QUICK TAKE: While the official winter forecast from the Climate Prediction Center calls for a warmer and drier season across Florida, the effects in and around Tampa Bay may be a little murky.
LA NIÑA: WHAT IS IT?
On Thursday, NOAA announced the arrival of La Niña, albeit a weak version. La Niña is the opposite of its cousin El Niño – it’s characterized by cooler-than-average sea surface temperatures in the equatorial Pacific. It also tends to have the opposite effect of El Niño: The northern third of the country usually is cooler and wetter while the southern third is warmer and drier.
While the official winter forecast from the Climate Prediction Center calls for a warmer and drier season across Florida, the effects in and around Tampa Bay may be a little murky.
Looking back through the last 70 years, there have been 20 La Niña events of varying degree. Of those:
- 11 have been weak
- Six have been moderate
- Three have been strong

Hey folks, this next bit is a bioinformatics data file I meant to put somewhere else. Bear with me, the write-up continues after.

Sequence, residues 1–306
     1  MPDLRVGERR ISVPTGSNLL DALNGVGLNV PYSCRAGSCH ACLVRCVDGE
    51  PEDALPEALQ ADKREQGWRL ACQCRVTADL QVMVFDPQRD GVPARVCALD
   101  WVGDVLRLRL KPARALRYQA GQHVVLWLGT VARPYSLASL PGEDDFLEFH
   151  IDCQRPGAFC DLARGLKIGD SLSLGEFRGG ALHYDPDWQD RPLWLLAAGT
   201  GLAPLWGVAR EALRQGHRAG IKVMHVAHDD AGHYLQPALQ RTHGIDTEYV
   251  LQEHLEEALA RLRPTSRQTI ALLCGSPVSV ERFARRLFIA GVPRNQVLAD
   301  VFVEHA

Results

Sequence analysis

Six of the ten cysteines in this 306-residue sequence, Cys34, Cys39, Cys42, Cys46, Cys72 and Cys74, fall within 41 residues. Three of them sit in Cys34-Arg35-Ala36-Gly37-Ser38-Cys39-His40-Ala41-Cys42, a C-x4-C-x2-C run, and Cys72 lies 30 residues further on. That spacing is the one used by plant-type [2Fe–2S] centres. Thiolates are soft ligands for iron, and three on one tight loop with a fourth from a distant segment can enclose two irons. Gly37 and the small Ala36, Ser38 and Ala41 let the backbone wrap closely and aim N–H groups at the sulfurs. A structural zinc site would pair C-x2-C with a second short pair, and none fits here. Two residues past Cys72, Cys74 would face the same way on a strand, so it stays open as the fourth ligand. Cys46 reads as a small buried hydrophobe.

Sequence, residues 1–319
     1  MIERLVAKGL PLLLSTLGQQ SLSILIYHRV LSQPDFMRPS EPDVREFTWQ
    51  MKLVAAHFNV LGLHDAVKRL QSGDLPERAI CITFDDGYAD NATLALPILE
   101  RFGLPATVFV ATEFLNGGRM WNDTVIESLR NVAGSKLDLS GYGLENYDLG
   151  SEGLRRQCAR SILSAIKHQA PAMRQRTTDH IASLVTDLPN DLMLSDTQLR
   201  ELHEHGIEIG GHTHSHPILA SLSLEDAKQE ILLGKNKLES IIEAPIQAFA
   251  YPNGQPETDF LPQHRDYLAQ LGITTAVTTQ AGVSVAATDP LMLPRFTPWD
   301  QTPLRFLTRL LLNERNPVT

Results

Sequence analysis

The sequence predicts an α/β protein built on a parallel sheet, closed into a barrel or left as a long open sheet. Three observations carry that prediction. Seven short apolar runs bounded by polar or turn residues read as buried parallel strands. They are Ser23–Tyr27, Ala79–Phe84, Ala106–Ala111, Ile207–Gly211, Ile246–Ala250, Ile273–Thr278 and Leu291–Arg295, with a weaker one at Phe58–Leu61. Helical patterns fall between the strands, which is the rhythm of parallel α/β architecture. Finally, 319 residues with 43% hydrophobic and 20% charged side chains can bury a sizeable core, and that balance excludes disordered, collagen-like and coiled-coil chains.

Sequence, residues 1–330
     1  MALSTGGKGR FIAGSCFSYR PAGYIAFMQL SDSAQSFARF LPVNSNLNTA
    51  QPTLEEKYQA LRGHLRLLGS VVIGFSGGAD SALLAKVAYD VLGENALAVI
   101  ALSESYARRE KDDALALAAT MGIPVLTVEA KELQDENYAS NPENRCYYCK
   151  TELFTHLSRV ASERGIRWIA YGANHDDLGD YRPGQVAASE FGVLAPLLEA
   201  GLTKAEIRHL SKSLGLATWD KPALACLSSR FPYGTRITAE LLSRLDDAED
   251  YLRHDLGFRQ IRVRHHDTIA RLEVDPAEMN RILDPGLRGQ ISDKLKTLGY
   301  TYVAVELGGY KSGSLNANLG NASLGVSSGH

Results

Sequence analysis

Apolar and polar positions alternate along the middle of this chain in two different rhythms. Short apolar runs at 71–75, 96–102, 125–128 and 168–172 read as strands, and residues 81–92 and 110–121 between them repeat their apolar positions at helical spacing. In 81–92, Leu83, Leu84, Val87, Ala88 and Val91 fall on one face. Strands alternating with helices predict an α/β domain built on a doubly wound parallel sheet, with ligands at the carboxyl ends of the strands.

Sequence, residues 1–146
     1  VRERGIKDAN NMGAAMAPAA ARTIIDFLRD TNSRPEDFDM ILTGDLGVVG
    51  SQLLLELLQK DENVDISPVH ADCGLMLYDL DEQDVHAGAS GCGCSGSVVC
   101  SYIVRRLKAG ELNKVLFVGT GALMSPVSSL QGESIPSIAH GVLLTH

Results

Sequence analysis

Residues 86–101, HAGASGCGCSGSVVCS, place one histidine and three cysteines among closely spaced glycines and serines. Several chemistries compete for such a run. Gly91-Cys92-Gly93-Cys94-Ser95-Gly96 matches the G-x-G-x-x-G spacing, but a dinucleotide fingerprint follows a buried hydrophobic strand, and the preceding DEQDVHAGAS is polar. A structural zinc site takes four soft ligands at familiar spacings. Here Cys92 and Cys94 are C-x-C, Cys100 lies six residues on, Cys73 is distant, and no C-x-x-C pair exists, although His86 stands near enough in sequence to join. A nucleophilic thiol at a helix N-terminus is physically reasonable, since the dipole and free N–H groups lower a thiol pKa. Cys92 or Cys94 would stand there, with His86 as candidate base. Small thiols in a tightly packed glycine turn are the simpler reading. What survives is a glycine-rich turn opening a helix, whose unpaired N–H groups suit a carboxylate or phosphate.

The moderate and strong La Niña events are more strongly correlated with warm and dry winters down here. However, for weak La Niñas, the data is fairly mixed, suggesting other drivers of climate (arctic oscillation, North Atlantic oscillation, etc…) have more of an effect.
In fact, of the 11 weak La Niña winters here, Tampa saw above-average temperatures only four times. And precipitation was below average six times.
Therefore, with a weak La Niña expected through the winter months, it’s not such a clear-cut forecast as with other parts of the country. Nonetheless, some of the other climate drivers at this point would still point toward a warmer and drier winter.
While overall we still expect warmer and drier conditions, there will still likely be the occasional cold fronts that bring with them cooler and wetter weather.
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